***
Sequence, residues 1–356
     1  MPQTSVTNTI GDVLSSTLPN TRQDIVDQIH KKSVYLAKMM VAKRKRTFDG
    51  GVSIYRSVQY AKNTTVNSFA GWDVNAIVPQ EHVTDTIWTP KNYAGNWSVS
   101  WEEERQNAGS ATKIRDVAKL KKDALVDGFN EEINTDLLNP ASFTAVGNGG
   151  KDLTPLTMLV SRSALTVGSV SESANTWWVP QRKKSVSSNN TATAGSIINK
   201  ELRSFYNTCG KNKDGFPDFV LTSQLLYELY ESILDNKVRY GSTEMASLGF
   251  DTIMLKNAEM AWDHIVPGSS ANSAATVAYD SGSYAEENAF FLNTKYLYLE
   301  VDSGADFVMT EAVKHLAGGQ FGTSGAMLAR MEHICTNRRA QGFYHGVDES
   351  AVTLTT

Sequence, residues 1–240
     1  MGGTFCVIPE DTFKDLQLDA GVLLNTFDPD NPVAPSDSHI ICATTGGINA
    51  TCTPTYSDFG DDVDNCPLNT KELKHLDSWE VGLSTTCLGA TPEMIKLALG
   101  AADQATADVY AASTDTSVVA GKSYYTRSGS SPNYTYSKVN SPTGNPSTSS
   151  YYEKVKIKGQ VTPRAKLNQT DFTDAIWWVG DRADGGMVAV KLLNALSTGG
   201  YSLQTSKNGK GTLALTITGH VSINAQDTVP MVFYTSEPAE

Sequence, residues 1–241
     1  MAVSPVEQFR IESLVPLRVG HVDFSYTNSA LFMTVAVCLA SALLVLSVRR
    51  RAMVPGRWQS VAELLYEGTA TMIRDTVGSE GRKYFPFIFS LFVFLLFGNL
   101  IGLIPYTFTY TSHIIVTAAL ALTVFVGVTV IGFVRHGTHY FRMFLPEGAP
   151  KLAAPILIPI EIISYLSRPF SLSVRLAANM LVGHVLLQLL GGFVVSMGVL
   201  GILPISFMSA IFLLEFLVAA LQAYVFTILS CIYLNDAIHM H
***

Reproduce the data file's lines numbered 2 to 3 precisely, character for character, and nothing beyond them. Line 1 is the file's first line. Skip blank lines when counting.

     1  MPQTSVTNTI GDVLSSTLPN TRQDIVDQIH KKSVYLAKMM VAKRKRTFDG
    51  GVSIYRSVQY AKNTTVNSFA GWDVNAIVPQ EHVTDTIWTP KNYAGNWSVS